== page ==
"New Tigallo! New Tigallo! New Tigallo!" is a clarion call for Phonte lovers the world over, and Mr. Coleman has outdone himself with the release of Charity Starts At Home, his first full-length solo project. Newly reunited with spiritual (and musical) brother 9th Wonder, Phonte serves up a solid album that you will enjoy from start to finish. But let's be clear -- this is grown folks music; the type of music you clean the house, two-step with your boo, fold laundry, and have a glass of wine to. And like wine, this album should be savored. Too often we writers rush to give an opinion on music when it hasn't settled on our spirits yet. This time, I decided to let Charity marinate.
Phonte pulls no punches in his music. He tells the truth whether it is about relationships, the music business, or making money (or all three). His lyrics are well-crafted and often comedic, which gives him the everyman vibe that resonates with so many fans. "Not Here Anymore" featuring Elzhi is reflective without being depressing. Some of his lyrics are visceral, making you feel them in your gut, like: "The denizens took over the big house on some Nat Turner sh-t/shoulders back, head tied to the f--king firmament." You envision his dogged determination to get ahead, and the spiritual connotation of the word firmament made me feel there was some divine purpose in his music.
"Sending My Love" starts off with a samba-ish beat, and here we find the playful Phonte from The Foreign Exchange's crowd-pleaser "Take Off the Blues." He spits real talk about the challenges of commitment, and this honesty can cut to the white meat for those of us in the throes of relationships. My favorite lines: "I know single men that will kill for a home cooked meal, I know married men who would kill for a quiet house," (true) and "Martin Luther King ain't die for you to be trickin' off on hoes," (very true). By the end of the song you are hoping against hope that he makes the right decision and goes homes despite the tantalizing temptation that is presenting itself to him.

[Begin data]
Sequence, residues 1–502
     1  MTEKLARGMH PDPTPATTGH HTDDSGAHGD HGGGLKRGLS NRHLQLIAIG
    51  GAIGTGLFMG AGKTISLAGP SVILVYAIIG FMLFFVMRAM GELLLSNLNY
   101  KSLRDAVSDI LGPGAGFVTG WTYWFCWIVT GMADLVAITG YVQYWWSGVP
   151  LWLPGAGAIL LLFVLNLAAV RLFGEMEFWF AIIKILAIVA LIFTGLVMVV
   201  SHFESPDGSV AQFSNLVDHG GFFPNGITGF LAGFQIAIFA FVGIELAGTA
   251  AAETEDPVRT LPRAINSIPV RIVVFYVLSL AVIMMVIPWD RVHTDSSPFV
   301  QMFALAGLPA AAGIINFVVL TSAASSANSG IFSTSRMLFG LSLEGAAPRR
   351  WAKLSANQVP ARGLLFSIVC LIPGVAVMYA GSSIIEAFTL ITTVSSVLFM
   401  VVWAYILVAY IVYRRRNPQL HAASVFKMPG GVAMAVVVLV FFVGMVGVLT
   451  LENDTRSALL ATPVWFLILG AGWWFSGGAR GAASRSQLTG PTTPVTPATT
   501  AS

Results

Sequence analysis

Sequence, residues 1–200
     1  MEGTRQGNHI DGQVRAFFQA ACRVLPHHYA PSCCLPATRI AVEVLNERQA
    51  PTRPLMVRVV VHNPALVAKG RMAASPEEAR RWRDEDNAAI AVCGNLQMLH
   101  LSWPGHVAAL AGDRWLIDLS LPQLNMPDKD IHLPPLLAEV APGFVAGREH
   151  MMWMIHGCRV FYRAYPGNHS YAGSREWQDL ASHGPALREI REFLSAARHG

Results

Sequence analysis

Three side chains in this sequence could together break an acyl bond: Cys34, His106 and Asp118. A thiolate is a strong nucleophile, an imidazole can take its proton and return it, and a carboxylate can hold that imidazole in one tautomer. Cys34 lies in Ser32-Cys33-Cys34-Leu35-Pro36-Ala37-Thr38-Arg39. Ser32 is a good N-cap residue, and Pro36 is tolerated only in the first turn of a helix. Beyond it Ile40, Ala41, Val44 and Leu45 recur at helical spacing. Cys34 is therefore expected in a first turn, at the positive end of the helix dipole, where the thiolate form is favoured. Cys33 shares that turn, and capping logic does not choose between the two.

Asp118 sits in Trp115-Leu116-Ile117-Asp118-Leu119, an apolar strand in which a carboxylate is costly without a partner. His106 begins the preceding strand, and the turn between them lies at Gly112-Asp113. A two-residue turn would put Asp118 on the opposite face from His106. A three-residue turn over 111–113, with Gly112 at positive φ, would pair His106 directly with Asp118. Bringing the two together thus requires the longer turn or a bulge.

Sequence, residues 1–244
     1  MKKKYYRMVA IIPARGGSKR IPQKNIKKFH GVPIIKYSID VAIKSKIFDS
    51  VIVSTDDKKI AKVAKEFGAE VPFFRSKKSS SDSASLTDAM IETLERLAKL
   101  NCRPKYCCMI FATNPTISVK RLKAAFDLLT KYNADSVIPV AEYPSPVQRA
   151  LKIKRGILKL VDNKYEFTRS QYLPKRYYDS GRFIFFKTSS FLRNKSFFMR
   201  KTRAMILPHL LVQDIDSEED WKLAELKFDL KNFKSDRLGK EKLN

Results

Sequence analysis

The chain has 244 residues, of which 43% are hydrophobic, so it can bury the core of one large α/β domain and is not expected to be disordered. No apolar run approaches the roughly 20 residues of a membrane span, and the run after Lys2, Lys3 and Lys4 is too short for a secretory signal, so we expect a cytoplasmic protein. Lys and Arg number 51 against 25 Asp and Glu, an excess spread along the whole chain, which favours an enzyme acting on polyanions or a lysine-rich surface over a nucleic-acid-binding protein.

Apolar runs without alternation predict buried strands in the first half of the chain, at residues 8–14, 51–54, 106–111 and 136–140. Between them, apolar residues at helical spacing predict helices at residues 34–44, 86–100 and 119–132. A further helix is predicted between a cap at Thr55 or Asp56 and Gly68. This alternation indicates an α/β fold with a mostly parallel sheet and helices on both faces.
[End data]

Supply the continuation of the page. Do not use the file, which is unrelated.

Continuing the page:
The focus on the claustrophobia of long-term relationships continues with "Ball and Chain." You can tell just based on the level of soulful croonage in this track that Phonte has really grown as a singer. There is a forbidden sensuality lurking in his voice as he describes the golden handcuffs of having a "good" man or woman. The grass always appears to be greener on the other side when you don't have to cut it.
"Gonna Be A Beautiful Night" featuring Carlitta Durand was another enjoyable track. Carlitta's voice is so feathery and beautiful and, well, dreamy, that it made me want to stretch out on my stomach and kick my feet while blowing dandelion seeds off the stem. I wanted to hold somebody's hand and swing it back and forth or spin around in a meadow catching snowflakes with my tongue. That's how happy her voice makes me feel. This song was also the ladder that allowed me to climb up out of my feelings after listening to the realness of "Ball and Chain," and it restored a sense of balance to the album.
Phonte wraps up the 12-track collection with "Who Loves You More" featuring SoulBounce fave Eric Roberson. He examines generational relationship curses, family dynamics, and the motivation for achieving one's dreams in one fell swoop. He also thanks God, simply and powerfully, which is a great way to go out.
There's a lot more I could say about this album, but the long and short of it, though, is that it's a good record, and each song fits into the next to create a holistic listening experience. The guest appearances aren't overpowering, and Phonte gets some of the dopest artists in the game right now (in addition to the aforementioned, Big K.R.I.T., Evidence, and Median guest) to take part in his creation. This was truly a journey into Phonte's home -- and, ultimately, his heart.